Like Wrigley’s “Double your pleasure! Double your fun!” gum, this weekend’s movie Legend is two Tom Hardys in one. He plays the dual roles of Britain’s most notorious gangsters, Ronnie and Reginald Kray, identical twins and violent thugs who ruled London’s underworld during the 1950s and 1960s.
Previously real-life siblings Martin and Gary Kemp of ’80s new wave band Spandau Ballet impersonated the brothers in the 1990 film The Krays, but these days special effects allow Hardy to play both brothers. “The movie’s a testament to the Krays’ ability to get away with everything, for a while, anyway,” wrote Ty Burr in the Boston Globe. “But it’s better evidence of Tom Hardy’s ability to do just about anything.”
Already this year we’ve seen the talented actor in the Mad Max reboot Fury Road, the musical London Road and the crime thriller Child 44. Soon he’ll play opposite Leonardo DiCaprio in The Revenant and is currently shooting Taboo, a new BBC mini series scheduled to air next year.
He’s also made waves as The Dark Knight Rises’ brooding hulk Bane and dream-dancer Eames in the megahit Inception.
In between these box office busters he’s appeared in smaller, edgier films that deserve a look. Here are some of the other films that have helped Tom Hardy become legend.
Lawless takes place during Prohibition. The bootlegging business is booming, run by hillbillies who’ll sell to anyone with a buck and a thirst. The most notorious are the Bondurant family; headed by Forrest (Hardy) who engages in a knock down, drag out moonshine war with a corrupt lawman played by Guy Pearce. Hardy leads the cast as a soft-spoken thug with a brainy bent. “It’s not the violence that sets men apart,” he says, “it is the distance he is prepared to go.”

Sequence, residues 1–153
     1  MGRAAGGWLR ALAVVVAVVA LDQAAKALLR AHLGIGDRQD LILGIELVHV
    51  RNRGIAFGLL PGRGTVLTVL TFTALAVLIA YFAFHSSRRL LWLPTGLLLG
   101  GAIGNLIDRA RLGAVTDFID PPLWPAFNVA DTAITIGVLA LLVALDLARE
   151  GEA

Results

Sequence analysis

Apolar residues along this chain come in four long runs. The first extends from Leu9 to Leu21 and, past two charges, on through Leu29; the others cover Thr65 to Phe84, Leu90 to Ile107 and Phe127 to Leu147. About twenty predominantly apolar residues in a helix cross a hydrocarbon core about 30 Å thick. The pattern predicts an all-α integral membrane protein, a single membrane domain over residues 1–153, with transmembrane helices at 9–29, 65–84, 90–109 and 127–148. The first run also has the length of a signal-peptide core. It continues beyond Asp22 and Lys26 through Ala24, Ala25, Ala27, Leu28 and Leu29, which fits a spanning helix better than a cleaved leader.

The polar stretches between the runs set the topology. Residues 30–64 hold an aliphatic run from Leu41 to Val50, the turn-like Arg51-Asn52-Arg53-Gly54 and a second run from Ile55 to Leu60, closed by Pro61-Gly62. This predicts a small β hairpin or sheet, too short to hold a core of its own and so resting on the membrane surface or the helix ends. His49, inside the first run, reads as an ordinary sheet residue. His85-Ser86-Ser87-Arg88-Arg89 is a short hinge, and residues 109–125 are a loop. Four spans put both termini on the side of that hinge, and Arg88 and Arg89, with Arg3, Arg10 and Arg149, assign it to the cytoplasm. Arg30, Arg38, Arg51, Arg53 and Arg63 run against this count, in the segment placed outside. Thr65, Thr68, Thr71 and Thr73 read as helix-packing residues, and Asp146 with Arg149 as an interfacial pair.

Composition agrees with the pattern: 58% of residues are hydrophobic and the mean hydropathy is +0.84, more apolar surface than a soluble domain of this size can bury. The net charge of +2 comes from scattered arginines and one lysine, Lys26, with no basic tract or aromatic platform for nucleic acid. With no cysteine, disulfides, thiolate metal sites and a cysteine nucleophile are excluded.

When he isn’t waxing philosophical he’s busy earning most of the film’s few laughs. It’s a natural, unaffected performance that really shows what he can do without a mask strapped to his face.
In these days of maximalist moviemaking Locke goes the opposite way, trimming the movie down to one claustrophobic setting and a single on-screen actor. Locke is the first movie in recent memory that would probably work as well as a radio drama as it does a film. Hardy is Ivan Locke, a straight arrow construction foreman determined to be at the birth of his child. In his car, he’s battling traffic for the hour-and-a-half drive to London and the mother-to-be’s hospital. Trouble is, the child is the result of a lonely one-night stand and he’s a married man.
The entire film takes place in the front seat of Locke’s car, in real time, as he drives the M1. We see through the windshield, into the backseat and the display screen of car phone and GPS. Most of all we see Hardy’s face, which, even though obscured by a beard, still allows his charisma to ooze through. His face is the engine of the film, his talent the driver.
In the Drop, Hardy he plays Bob Saginowski, a mild mannered bartender at a Brooklyn neighbourhood pub owned by the Chechnyan mafia. Like many of the borough’s bars, Marv’s is sometimes used as a “drop,” a place where gangsters secretly hide money until it is collected by their crime bosses.
As Bob, Hardy is a cypher; kind to dogs, shy and lovesick, he is an average neighbourhood guy. Except in this neighbourhood average guys have pasts, and Hardy does a nice job of playing a man who is trying to move on while the past tries to stop him in his tracks.